Karangahape Road records retail high before bracing for lockdown

Last Updated : 07 Sep 2021
Karangahape Road Aerial; Photo Credit Landlab Resize
Karangahape Road; Photo Credit LandLAB

Before the current lockdown, figures from Marketview ranked Karangahape Road the highest performing Business Improvement District (BID), for the last three months compared with the same time last year, of all 50 BIDs across the Auckland region.

Customer spending at Karangahape Road businesses from May to July 2021 was 25.9 per cent higher than the previous three months (February to April). The value of each transaction also increased by 3.3 per cent in the same period.

Michael Richardson, Manager of the Karangahape Road Business Association (KBA), says: “This lockdown will hurt us. But we’ve recovered once. I’m sure we can do it again.”

He attributes the business improvements from May to July to the new street enhancements delivered by Auckland Council and Auckland Transport, the public celebration of the new street on 26 June, the street’s new promotional campaign ‘Be Our Guest’ and the area’s new website.

Auckland Mayor Phil Goff says the lockdown will undoubtedly be tough for local businesses, but he’s pleased the completion of the Karangahape Road upgrades had a positive effect before Level 4.

“COVID-19 restrictions will clearly have a serious effect on businesses unable to open,” he says.

“However, it is promising to see that, before lockdown, Auckland Council’s Karangahape Road upgrade—which delivered wider footpaths and a more inviting streetscape—was also benefiting businesses through higher customer spend in the area.

“It shows that by making our urban environment more accessible, people-friendly and inviting we can encourage more people to the area to spend time and money at shops, restaurants, cafes and businesses. Everyone benefits when we make our city a more vibrant and exciting place.”

Councillor Pippa Coom says: “Wider footpaths and a safer street environment have made Karangahape Road a much more pleasant place to be, and in lockdown those aspects have come into their own. We’ve found that the street is more resilient with extra space for social distancing.”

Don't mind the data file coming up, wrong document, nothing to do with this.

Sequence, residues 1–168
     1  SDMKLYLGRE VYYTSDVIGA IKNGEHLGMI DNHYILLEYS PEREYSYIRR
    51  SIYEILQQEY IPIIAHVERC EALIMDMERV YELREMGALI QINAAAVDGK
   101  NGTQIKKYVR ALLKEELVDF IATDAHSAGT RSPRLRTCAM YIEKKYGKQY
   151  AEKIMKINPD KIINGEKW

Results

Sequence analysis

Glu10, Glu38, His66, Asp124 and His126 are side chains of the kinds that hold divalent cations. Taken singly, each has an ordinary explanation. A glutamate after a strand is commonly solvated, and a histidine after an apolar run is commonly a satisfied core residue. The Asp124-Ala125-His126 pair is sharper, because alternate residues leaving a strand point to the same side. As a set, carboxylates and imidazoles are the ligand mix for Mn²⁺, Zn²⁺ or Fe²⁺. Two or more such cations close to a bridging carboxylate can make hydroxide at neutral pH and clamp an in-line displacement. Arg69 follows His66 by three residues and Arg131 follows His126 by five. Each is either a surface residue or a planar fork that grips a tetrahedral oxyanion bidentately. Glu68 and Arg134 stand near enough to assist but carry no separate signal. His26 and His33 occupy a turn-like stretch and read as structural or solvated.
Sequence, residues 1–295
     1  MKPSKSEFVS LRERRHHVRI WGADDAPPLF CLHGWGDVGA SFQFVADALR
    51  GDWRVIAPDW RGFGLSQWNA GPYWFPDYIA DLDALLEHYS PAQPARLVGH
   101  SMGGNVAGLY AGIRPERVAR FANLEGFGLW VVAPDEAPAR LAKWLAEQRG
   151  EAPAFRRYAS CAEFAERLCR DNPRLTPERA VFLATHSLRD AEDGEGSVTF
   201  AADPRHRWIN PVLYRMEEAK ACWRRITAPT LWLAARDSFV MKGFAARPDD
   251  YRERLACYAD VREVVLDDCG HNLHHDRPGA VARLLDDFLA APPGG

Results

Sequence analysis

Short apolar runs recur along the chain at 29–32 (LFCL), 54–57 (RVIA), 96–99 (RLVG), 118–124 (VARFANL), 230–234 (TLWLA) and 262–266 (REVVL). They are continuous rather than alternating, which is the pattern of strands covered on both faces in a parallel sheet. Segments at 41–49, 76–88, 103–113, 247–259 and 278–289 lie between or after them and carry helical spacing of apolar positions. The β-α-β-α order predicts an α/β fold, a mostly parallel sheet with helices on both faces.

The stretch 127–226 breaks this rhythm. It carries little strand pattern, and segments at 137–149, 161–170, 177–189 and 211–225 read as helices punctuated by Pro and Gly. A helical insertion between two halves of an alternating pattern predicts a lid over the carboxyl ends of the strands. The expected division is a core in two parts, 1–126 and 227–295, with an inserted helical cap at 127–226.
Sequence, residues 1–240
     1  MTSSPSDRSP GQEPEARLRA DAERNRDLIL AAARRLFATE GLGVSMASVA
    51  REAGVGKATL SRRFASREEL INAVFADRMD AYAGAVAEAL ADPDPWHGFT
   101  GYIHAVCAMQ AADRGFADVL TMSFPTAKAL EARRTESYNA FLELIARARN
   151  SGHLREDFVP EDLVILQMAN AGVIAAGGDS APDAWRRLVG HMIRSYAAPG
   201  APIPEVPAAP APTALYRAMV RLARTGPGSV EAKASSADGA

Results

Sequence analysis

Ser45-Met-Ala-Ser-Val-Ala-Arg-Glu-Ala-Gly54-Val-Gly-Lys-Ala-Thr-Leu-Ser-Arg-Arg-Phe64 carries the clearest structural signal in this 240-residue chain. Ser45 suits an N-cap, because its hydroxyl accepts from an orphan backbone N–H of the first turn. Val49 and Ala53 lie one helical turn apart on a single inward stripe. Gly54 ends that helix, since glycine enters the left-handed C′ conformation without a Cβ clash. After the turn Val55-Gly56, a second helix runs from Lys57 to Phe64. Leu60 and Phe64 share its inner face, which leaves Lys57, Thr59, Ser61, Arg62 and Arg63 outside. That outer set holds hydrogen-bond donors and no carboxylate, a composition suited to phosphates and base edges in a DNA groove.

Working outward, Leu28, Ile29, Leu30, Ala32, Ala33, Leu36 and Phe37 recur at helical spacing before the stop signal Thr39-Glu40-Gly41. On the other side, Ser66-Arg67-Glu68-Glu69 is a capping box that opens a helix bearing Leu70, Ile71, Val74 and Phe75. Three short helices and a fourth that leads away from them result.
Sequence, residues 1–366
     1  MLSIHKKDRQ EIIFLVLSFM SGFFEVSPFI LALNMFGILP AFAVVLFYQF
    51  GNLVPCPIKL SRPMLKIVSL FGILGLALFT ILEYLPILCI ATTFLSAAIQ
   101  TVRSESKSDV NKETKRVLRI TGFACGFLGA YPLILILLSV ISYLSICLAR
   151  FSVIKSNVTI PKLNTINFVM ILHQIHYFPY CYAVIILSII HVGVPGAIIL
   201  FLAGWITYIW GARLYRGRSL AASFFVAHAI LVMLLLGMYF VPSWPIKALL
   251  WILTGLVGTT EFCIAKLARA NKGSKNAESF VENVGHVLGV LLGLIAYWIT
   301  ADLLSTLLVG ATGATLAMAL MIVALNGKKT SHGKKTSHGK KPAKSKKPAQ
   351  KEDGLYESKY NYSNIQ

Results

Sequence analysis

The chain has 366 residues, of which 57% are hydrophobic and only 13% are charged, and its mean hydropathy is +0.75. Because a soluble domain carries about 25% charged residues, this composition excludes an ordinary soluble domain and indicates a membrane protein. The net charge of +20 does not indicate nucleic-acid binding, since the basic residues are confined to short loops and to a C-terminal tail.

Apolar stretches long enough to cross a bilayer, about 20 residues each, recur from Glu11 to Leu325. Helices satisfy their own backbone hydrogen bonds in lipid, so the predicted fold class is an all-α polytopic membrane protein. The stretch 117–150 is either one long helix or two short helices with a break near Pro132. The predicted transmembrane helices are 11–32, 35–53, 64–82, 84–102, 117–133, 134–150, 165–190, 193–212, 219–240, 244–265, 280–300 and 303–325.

Credit: KBA

Credit: KBA

Michael Richardson says: “People are attracted to what Karangahape Road has to offer. There are so many exceptional businesses. People were flocking back to Karangahape Road before this current lockdown.

“The low-key nature of the new street design has allowed our heritage, architecture, awesome businesses and people to continue to speak for themselves. Outdoor dining has become much more relaxing as the wider footpaths and cycleways position people away from the traffic. This gives a more relaxed feel to the streetscape and the chance to enjoy urban street life,” he says.

Helen McIntyre has owned and operated Buana Satu, a design store on Karangahape Road, for 30 years. She says, “There was definitely an uplift in the months before this lockdown. Our cafes, bars and restaurants were buzzing at night. People were so excited about the food. I feel the changes we’ve seen along the street have been good but we’re waiting for more people to discover us. Once the City Rail Link is in, that will complete the circle.”

Rose Hope who owns Crushes, a concept store offering lifestyle and gift alternatives that are ‘good for the earth and her people’, agrees. She says that without tourists and with lockdowns continuing there is still a way to go.

“But I love our rainbow crossings. I love the pink bike lanes. I love the sandy rain gardens that filter our stormwater before it goes into the sea. And I love how the Karangahape community embrace the un-homed community.

“Karangahape Road is definitely where it’s at. Every new restaurant seems to be opening here. The street has its own character. That character has changed but we are still a street of independent owner-operators. People like that unique sense of character in a world of mass manufacturing and same-same-ness,” Rose says.

Bringing art and light to vacant store fronts

With both Heart of the City and Karangahape Road Business Association, Auckland Council is helping bring vibrancy back to the city centre by funding artwork by local artists to sit in front of shops which are temporarily vacant.

Walk along Karangahape Road and Queen Street and you’ll see art as placeholders in a handful of store fronts waiting for new tenants.

Some of the art was being removed as the city showed early signs of rebounding, pre-lockdown.

Mountain of Light, by Angus Muir. Photo credit Nathan Clark, Monster

Mountain of Light, by Angus Muir. Photo credit Nathan Clark, Monster

Mountain of Light (pictured) by Angus Muir was commissioned for Vivid in Sydney in 2016. Since then, it has toured to London, Perth, Queenstown, New Plymouth, Kaiwaka and Auckland Light festivals.

As a Karangahape Road resident, Angus is thrilled one of his bigger artworks is on show in his local neighbourhood. It is positioned at the front of George Courts on the corner of Karangahape Road and Mercury Lane.

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